Notably, Mr. Murahari's typical hourly billing rate is $300, ECF 22-6 ¶ 6, which, coincidentally, is also the top hourly rate that is presumptively reasonable for attorneys of his experience level pursuant to the fee guidelines appended to the Local Rules of this Court.[1] Courts in the Fourth Circuit have approved contingency fee agreements that produce much higher hourly rates in successful Social Security appeals. See, e.g., Melvin v. Colvin, No. 5:10-CV-160-FL, 2013 WL 3340490 (E.D. N.C. July 2, 2013) (approving contingency fee agreement with hourly rate of $1, 043.92); Claypool v. Barnhart, 294 F.Supp.2d 829, 833 (S.D. W.Va. 2003) (approving contingency fee agreement with hourly rate of $1, 433.12); Lehman v. Comm'r, Soc. Sec. Admin., Civil No. SAG-10-2160 (D. Md. July 7, 2016) (unpublished) (approving contingency fee agreement with hourly rate of $1, 028.14). This Court has routinely approved a higher hourly rate for Mr. Murahari. See Arvie W. v. Comm'r, Soc. Sec. Admin., No. SAG-17-1148, 2019 WL 3975187 (D. Md. Aug. 22, 2019); Barbara F. v. Comm'r, Soc. Sec. Admin., No. SAG-17-2090, 2019 WL 3340738 (D. Md. July 25, 2019); Kimberly B v. Comm'r, Soc. Sec. Admin., No. SAG-16-2519, 2019 WL 1559426 (D. Md. Apr. 10, 2019). Thus, the requested fee in this case is reasonable and should be approved.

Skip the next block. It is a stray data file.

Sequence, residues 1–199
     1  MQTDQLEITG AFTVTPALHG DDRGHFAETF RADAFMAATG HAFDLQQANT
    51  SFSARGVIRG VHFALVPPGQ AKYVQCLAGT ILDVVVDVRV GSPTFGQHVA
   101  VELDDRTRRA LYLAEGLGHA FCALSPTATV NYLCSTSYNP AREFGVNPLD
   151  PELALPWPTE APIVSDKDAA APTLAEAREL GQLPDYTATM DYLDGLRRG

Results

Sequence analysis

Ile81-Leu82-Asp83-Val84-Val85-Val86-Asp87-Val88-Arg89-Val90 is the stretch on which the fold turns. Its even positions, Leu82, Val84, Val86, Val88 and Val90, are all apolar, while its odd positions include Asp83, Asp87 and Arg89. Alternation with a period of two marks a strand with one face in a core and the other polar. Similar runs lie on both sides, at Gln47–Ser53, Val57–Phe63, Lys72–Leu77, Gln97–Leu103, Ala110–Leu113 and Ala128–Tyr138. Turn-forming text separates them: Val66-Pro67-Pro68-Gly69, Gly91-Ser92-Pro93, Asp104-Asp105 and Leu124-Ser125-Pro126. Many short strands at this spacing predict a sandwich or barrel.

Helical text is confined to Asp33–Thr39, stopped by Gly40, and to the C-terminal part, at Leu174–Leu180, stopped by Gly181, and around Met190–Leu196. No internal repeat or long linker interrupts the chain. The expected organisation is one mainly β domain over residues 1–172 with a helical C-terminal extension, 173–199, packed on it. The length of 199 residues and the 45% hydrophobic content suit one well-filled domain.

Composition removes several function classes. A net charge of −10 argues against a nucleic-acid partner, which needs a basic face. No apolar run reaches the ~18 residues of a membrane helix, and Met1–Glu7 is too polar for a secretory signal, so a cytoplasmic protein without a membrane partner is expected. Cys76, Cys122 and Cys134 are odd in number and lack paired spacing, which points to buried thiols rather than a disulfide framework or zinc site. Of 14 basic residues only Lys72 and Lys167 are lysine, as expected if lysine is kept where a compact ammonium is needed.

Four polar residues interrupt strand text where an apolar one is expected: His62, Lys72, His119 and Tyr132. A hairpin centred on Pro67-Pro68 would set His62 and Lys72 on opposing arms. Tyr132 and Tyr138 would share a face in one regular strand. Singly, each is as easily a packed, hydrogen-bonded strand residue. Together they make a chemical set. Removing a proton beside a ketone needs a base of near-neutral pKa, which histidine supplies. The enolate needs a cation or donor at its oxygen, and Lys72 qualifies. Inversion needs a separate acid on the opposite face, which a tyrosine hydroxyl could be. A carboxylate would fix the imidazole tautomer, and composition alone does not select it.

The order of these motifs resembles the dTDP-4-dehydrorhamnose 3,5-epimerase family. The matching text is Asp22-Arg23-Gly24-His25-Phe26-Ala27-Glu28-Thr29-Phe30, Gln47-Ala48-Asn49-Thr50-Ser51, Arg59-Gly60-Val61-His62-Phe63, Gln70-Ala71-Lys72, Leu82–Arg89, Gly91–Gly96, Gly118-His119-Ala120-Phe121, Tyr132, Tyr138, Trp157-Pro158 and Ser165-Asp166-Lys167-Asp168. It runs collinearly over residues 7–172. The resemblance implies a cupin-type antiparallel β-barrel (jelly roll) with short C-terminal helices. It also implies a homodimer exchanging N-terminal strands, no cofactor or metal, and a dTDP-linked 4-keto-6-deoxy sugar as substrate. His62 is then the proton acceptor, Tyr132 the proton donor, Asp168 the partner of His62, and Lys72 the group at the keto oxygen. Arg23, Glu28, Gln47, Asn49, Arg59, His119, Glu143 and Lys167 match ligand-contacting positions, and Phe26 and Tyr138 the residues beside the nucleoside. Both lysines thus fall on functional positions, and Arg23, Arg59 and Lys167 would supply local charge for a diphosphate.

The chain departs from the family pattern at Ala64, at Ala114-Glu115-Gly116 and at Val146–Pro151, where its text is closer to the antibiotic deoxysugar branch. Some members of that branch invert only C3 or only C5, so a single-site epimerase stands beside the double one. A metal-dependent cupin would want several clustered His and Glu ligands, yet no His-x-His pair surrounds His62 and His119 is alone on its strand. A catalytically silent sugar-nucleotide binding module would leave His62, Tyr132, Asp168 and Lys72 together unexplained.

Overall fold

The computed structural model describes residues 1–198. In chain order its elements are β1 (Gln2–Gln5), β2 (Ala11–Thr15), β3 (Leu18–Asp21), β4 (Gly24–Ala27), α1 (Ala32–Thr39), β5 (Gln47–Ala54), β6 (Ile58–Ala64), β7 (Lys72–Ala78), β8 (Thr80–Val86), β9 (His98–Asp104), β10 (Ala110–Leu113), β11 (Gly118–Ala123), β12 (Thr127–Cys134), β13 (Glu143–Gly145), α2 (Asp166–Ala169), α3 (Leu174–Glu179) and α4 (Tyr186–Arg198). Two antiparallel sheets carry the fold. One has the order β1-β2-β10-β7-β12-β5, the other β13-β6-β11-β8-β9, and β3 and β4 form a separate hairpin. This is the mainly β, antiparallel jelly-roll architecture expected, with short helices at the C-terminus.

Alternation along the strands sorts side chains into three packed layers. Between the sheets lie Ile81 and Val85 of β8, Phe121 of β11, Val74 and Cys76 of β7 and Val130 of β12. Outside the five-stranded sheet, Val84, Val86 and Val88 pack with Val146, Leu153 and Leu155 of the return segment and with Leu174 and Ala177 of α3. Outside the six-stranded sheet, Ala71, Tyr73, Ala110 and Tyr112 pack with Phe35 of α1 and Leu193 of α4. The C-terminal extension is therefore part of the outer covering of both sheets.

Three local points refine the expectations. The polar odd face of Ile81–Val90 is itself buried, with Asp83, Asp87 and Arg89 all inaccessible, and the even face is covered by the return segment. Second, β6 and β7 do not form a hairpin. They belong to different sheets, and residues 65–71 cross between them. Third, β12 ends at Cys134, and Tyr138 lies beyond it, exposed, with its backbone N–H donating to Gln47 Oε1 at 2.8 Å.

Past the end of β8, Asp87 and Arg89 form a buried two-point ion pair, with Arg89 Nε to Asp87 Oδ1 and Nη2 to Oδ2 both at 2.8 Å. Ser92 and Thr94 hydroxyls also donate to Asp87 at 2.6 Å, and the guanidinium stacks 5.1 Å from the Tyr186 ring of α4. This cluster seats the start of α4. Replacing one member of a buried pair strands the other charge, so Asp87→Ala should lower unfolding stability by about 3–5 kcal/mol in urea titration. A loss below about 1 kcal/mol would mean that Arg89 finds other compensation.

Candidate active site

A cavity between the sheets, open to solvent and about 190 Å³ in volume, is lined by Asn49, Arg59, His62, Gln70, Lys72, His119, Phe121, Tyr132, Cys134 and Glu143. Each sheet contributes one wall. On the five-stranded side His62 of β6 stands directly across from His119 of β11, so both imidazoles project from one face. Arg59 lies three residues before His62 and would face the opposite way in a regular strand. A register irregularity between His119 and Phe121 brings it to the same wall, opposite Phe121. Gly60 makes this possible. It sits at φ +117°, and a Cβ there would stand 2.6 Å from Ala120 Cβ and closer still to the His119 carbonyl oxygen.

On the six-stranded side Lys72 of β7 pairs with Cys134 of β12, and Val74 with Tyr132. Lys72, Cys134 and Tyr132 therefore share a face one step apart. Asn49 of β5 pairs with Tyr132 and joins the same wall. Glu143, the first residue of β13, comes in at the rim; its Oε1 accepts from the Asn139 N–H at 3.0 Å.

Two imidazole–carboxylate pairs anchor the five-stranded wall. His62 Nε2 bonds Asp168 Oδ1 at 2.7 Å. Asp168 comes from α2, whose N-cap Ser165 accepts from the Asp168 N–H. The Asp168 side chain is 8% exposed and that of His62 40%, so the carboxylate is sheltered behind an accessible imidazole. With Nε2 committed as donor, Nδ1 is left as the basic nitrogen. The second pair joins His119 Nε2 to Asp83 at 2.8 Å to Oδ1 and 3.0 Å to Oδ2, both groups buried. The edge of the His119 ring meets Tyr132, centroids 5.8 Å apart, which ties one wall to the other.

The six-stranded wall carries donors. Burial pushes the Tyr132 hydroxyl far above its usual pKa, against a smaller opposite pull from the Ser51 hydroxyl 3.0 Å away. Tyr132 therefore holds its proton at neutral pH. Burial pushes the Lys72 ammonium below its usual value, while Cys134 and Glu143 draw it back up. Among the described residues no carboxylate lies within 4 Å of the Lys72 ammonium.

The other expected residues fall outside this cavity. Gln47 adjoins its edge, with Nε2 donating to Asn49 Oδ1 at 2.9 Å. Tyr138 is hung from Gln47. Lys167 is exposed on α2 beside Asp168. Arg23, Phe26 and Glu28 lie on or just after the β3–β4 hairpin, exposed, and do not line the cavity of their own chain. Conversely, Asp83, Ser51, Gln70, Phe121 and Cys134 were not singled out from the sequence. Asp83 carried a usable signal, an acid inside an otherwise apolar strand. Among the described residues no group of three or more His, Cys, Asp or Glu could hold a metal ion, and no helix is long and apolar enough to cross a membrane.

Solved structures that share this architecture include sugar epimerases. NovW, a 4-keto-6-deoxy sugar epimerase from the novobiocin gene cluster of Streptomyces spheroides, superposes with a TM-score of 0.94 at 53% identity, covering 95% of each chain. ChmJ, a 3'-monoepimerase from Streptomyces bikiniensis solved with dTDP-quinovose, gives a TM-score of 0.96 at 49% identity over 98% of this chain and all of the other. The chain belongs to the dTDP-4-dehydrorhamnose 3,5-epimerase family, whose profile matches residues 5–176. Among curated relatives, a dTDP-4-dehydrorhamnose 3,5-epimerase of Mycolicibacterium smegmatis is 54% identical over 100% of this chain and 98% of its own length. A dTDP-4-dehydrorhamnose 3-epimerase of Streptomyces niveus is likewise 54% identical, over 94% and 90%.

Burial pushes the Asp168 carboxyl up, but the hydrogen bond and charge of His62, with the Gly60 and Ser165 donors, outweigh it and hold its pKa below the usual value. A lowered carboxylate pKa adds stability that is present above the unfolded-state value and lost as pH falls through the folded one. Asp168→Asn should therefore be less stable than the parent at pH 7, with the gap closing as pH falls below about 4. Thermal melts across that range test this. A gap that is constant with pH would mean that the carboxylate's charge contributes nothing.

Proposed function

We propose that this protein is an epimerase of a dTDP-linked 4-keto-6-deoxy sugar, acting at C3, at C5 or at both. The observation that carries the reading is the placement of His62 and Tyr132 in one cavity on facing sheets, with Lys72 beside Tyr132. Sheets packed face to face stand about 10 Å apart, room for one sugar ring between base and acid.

For the reasons set forth herein, this Court GRANTS Mr. Murahari's Motion seeking attorney's fees, ECF 29. This Court will award Mr. Murahari attorney's fees totaling $48, 101.26. Mr. Murahari is directed to reimburse to Plaintiff the fees he received pursuant to the EAJA.

         Despite the informal nature of this letter, it should be flagged as an opinion. An implementing order follows.

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Notes:

[1] Although they do not govern Social Security cases, the Local Rules prescribe guidelines for determining attorney's fees in certain cases, which are instructive in evaluating the reasonableness of the effective hourly rate in this case. See Loc. R. App. B (D. Md. 2018). Currently, Mr. Murahari has just over eight (8) years of experience, ECF 22-6, and the presumptively reasonable hourly rate for attorneys admitted to the bar ...